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Corpus Linguistics and Linguistic Theory

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Linguistic Proficiency: A Quantitative Approach to Immigrant and Heritage Speakers of Danish

Jan Heegård Petersen
  • Corresponding author
  • Department of Nordic Studies and Linguistics, University of Copenhagen, Emil Holms Kanal 2, Copenhagen, Denmark
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/ Gert Foget Hansen / Jacob Thøgersen / Karoline Kühl
Published Online: 2018-12-18 | DOI: https://doi.org/10.1515/cllt-2017-0088

Abstract

This paper presents a corpus-based quantitative study on linguistic proficiency of approx. 300 immigrant and heritage speakers of Danish in North America and Argentina, aiming at the question whether linguistic proficiency is connected to ‘immigrant generation’ (i.e. the difference between speakers who migrated as adults with a fully acquired language competence and foreign-born heritage speakers) or the sociocultural setting, or both. The large data base at hand provides a rare opportunity to compare developments within the same minority language in different places, representing different sociocultural settings for the immigrant or heritage speakers and, accordingly, different language ecologies. The study relies on the Corpus of American Danish (1.6 million tokens, including both words and non-word utterances). Based on this data set, the paper explores the distribution of 13 linguistic and non-linguistic variables representing linguistic proficiency (i.e. Danish words, L2 words, word-internal codeswitching, type-token ratio, empty and filled pauses, self-interruption, lengthening, speech rate, word length, runlength and the ratio of main and subclauses) by applying Factor Analysis as a statistical tool. On an empirically solid basis, the paper concludes that (a) the sociolinguistic setting is the crucial factor in the development of linguistic proficiency and (b) linguistic proficiency is a non-universal cognitive phenomenon.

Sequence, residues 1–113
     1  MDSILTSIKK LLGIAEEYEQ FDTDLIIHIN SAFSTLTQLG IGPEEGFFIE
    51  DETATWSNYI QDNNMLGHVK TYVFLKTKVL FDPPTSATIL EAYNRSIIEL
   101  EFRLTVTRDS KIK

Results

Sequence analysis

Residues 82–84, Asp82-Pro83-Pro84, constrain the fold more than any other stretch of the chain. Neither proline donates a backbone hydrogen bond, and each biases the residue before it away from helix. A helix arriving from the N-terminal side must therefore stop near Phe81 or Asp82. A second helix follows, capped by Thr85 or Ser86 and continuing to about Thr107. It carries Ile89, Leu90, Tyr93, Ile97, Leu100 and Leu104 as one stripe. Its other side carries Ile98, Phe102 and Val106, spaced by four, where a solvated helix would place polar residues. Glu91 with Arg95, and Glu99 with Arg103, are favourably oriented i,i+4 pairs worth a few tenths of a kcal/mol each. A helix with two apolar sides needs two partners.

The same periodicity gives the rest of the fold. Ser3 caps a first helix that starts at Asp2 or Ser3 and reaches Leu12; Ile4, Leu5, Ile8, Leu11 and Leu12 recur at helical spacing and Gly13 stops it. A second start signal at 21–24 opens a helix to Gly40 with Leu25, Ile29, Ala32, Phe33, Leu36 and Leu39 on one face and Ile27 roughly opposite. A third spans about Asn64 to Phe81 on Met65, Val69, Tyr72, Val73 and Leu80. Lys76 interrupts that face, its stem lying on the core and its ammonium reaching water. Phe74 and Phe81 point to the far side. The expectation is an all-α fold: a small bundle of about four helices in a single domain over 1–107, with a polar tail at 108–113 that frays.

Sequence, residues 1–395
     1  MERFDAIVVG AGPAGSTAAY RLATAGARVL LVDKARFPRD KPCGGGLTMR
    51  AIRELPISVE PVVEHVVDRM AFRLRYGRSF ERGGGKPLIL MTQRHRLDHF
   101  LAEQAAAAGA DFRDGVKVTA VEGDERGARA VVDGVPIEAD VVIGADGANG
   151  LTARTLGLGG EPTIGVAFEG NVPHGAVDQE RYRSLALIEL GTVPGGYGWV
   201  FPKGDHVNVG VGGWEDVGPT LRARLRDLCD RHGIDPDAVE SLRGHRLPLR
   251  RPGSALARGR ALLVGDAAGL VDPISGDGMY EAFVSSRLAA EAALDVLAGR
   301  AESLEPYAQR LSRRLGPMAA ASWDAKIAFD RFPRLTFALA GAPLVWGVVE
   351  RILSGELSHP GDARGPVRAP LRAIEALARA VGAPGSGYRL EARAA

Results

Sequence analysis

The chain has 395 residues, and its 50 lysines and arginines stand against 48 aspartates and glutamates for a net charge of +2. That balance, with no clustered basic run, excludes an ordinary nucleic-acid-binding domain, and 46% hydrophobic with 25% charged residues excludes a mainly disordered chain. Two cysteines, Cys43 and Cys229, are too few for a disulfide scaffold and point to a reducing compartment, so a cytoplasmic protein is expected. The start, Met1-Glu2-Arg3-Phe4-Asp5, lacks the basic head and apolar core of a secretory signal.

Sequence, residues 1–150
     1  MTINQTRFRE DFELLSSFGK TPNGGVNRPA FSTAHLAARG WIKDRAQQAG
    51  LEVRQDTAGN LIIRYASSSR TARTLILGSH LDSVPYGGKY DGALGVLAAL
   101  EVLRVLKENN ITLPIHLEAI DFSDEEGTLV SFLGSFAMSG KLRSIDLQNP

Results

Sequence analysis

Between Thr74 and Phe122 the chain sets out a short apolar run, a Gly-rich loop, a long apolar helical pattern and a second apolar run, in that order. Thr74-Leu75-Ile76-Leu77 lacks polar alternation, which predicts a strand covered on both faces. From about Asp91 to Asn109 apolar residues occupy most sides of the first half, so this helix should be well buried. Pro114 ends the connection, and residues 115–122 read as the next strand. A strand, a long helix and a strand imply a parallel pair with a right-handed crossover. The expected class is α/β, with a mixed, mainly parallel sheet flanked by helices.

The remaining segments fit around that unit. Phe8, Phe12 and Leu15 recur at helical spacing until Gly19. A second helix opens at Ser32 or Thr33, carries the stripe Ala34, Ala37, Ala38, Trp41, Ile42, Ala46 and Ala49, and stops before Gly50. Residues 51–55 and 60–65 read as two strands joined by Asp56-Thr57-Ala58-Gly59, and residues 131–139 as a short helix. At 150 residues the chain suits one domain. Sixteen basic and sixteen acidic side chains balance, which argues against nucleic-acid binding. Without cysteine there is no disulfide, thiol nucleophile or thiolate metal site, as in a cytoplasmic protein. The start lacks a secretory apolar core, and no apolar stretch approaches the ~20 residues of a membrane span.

Keywords: language attrition; heritage language; factor analysis; fluency; speech rate

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About the article

Jan Heegård Petersen

Jan Heegård Petersen, Gert Foget Hansen, Jacob Thøgersen and Karoline Kühl are affiliated with the Department of Nordic Languages and Lingustics at the University of Copenhagen. All authors have published research on spoken language, and Jan Heegård Petersen, Gert Foget Hansen and Karoline Kühl have for the past four years done research in Danish as an immigrant and heritage language.

Gert Foget Hansen

Jan Heegård Petersen, Gert Foget Hansen, Jacob Thøgersen and Karoline Kühl are affiliated with the Department of Nordic Languages and Lingustics at the University of Copenhagen. All authors have published research on spoken language, and Jan Heegård Petersen, Gert Foget Hansen and Karoline Kühl have for the past four years done research in Danish as an immigrant and heritage language.

Jacob Thøgersen

Jan Heegård Petersen, Gert Foget Hansen, Jacob Thøgersen and Karoline Kühl are affiliated with the Department of Nordic Languages and Lingustics at the University of Copenhagen. All authors have published research on spoken language, and Jan Heegård Petersen, Gert Foget Hansen and Karoline Kühl have for the past four years done research in Danish as an immigrant and heritage language.

Karoline Kühl

Jan Heegård Petersen, Gert Foget Hansen, Jacob Thøgersen and Karoline Kühl are affiliated with the Department of Nordic Languages and Lingustics at the University of Copenhagen. All authors have published research on spoken language, and Jan Heegård Petersen, Gert Foget Hansen and Karoline Kühl have for the past four years done research in Danish as an immigrant and heritage language.


Published Online: 2018-12-18


Citation Information: Corpus Linguistics and Linguistic Theory, ISSN (Online) 1613-7035, ISSN (Print) 1613-7027, DOI: https://doi.org/10.1515/cllt-2017-0088.

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